Egypt’s paintings provide new technology clues

tech-clothScientists are turning back towards Egypt’s ancient paintings to develop new technologies and enhance better medical devices.  A pigment know as the Egyptian blue has been considered by the Journal of the American Chemical Society as having clues which can be used by modern scientists towards the development of new nanomaterials with potential uses in state-of-the-art medical imaging devices, remote controls for televisions, security inks and other technology. The Egyptian blue is a bright blue pigment used 5,000 years ago in Egyptian paintings.
The article stated that the ink has some calcium copper silicate in it which can break apart into nanosheets.  It cited that “Calcium copper silicate provides a route to a new class of nanomaterials that are particularly interesting with respect to state-of-the-art pursuits like near-IR-based biomedical imaging, IR light-emitting devices (especially telecommunication platforms) and security ink formulations.” These nanosheets are so thin and that it thousands of it can fit across the width of a human hair. They also produce invisible infrared (IR) radiation similar to the beams use by electronic devices in their communication such as remote controls and TVs, car door locks. The article hopes that these findings will help to “re-imagine the applications of an ancient material through modern techno-chemical means.”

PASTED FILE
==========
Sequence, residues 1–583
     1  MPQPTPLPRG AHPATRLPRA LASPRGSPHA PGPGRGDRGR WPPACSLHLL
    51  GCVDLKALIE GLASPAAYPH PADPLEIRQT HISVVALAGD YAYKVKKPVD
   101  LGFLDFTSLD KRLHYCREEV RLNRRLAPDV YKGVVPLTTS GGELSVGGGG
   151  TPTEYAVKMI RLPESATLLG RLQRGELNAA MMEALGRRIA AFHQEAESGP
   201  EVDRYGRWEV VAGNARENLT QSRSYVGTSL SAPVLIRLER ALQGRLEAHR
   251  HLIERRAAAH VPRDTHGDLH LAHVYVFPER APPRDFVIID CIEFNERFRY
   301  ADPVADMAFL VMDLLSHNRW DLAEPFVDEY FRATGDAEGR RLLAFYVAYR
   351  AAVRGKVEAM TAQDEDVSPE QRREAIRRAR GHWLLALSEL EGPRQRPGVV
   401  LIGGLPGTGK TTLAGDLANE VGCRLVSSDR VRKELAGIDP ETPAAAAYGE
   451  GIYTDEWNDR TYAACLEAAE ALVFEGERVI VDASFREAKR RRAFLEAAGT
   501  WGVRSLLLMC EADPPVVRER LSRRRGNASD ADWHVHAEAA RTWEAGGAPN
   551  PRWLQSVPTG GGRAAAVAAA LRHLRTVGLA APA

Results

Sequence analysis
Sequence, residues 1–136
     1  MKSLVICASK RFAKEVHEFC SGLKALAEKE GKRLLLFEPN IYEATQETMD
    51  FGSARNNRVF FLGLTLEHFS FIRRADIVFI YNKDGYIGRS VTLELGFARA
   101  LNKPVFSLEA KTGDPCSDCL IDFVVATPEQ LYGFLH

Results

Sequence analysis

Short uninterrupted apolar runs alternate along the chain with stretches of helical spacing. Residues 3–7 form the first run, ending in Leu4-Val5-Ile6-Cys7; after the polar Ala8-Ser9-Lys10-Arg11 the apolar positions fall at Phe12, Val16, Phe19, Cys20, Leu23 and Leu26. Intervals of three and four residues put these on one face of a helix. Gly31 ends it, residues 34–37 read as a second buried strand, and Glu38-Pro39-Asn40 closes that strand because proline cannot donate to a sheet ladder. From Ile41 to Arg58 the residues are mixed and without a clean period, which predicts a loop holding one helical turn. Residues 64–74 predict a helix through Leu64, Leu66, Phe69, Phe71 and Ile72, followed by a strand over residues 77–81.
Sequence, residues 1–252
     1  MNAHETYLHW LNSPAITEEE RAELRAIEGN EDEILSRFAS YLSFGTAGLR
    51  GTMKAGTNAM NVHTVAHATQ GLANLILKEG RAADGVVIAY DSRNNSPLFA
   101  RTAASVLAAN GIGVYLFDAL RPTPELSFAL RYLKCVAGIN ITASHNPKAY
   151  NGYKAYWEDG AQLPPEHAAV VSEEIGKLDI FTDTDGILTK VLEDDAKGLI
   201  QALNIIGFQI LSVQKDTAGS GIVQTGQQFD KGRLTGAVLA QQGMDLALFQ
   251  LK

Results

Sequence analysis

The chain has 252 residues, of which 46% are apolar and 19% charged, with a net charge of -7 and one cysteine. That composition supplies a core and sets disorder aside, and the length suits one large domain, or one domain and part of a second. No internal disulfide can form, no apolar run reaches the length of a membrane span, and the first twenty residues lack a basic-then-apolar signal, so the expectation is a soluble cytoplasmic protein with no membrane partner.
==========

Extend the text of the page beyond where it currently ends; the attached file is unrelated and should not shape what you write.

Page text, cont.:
Tina Salguero and colleagues who were part of the team explained that the Egyptian blue, considered as humanity’s first artificial pigment, was used in paintings on tombs, statues and other objects throughout the ancient Mediterranean world. Remnants have been found on several famous paintings and statues dating back to the medieval period such as the statue of the messenger goddess Iris on the Parthenon and in the famous Pond in a Garden fresco in the tomb of Egyptian “scribe and counter of grain” Nebamun in Thebes.

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